The project, privately owned by BXC Company Ltd, a subsidiary of BXC Beijing China, is currently on test trial and when in full operation, can serve 20,000 homes. It is financed by the parent company at over $30 million.
The project, described as the largest photo voltaic solar power farm in West Africa, is expected to forestall an annual emission of above 42,000 tonnes of carbon dioxide into the atmosphere.
Sharing his impression with journalists after the tour, Dr Donkor said the project attested to the government’s commitment to implement its renewable energy policy. He described the project as a masterpiece and commended the company for the work done, adding that the government was ready to support it to expand.
Dr Donkor urged the company to venture into the wind farm implementation on the same piece of land. He explained that apart from mmaximizing the use of the piece of land, the wind power will add to the grid stability since that was the major challenge with solar power.
While acknowledging that renewable energy was expensive, Dr Donkor intimated that ultimately, it was the best, particularly as the cost of solar energy was reducing on the world market.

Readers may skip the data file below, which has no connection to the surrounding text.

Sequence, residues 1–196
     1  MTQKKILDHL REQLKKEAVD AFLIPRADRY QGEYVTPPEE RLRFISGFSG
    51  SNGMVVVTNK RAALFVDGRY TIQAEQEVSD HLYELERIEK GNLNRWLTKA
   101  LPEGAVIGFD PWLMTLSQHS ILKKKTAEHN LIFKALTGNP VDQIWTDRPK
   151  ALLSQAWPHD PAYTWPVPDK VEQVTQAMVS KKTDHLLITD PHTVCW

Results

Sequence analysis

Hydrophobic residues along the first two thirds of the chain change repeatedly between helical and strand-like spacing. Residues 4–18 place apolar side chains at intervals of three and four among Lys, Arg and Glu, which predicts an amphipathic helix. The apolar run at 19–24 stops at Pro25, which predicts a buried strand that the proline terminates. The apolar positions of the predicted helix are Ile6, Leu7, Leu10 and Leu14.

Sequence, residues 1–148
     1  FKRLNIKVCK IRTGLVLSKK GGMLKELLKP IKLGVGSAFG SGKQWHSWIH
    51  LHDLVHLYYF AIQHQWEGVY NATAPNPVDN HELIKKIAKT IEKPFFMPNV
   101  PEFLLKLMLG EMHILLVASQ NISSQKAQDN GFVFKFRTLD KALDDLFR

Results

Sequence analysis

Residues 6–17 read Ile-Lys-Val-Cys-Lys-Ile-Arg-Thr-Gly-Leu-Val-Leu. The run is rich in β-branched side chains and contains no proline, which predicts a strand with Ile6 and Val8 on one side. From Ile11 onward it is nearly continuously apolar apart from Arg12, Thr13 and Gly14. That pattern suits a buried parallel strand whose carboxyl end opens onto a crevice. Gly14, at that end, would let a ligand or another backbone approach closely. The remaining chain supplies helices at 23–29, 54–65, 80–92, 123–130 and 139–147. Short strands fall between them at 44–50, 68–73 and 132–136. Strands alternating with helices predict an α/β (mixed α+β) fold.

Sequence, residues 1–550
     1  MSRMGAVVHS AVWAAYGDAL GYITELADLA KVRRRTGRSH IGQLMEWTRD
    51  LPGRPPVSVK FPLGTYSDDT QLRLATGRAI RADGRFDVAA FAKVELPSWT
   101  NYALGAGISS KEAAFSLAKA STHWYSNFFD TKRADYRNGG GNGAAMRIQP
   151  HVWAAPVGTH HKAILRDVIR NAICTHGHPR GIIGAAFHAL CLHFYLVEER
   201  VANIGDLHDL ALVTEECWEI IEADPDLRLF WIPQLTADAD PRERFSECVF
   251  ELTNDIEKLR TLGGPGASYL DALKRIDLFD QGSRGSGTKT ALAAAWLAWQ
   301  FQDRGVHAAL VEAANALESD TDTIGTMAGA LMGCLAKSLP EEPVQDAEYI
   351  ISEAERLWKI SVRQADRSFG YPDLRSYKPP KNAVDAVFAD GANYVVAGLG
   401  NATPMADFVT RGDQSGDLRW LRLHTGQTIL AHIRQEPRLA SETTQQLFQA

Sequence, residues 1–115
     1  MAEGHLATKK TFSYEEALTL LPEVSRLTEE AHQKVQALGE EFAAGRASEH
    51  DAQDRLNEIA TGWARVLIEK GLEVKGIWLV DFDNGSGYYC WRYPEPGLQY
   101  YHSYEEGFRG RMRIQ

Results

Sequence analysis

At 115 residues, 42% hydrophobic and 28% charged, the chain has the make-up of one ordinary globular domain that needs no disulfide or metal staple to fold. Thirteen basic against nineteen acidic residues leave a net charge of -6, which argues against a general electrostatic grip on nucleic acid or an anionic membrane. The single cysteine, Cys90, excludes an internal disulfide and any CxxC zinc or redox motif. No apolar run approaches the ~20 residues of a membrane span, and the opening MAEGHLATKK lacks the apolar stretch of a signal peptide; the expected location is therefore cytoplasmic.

“We are encouraging non-grid solar rooftop, and that is going to be major in our push forward in the coming years,” he said and hinted that various projects had started while others were on the drawing board.
Dr Donkor conceded that the 20 megawatts generated by the plant would not be massive but said its generation was an important first step in the country’s solution mix.
Giving a background, the Managing Director of BXC Company Ltd, Mr Kevin Wu said in 2012, the management of BXC decided to invest in the development of a renewable energy facility.
“We, therefore, initiated the process to achieve our objective. BXC applied and obtained a provisional wholesale electricity supply licence from the Energy Commission. Subsequently, BXC negotiated and signed a power purchase agreement (PPA) with the ECG,” he explained.
He said the company had installed 40,480 pieces of poly-crystalline silicon panels, 20 step up transformers, 20 inverter rooms attached to the transformers and four 33kv overhead lines to the ECG main substation near the Winneba Roundabout.
Mr Wu said the company had also been working with the Electricity Company of Ghana (ECG) on a project to reduce distribution system losses and network improvement.
In a presentation, Mr Daniel Azu, a consultant on the project, took the minister and his entourage through the various stages of the project to the final stage.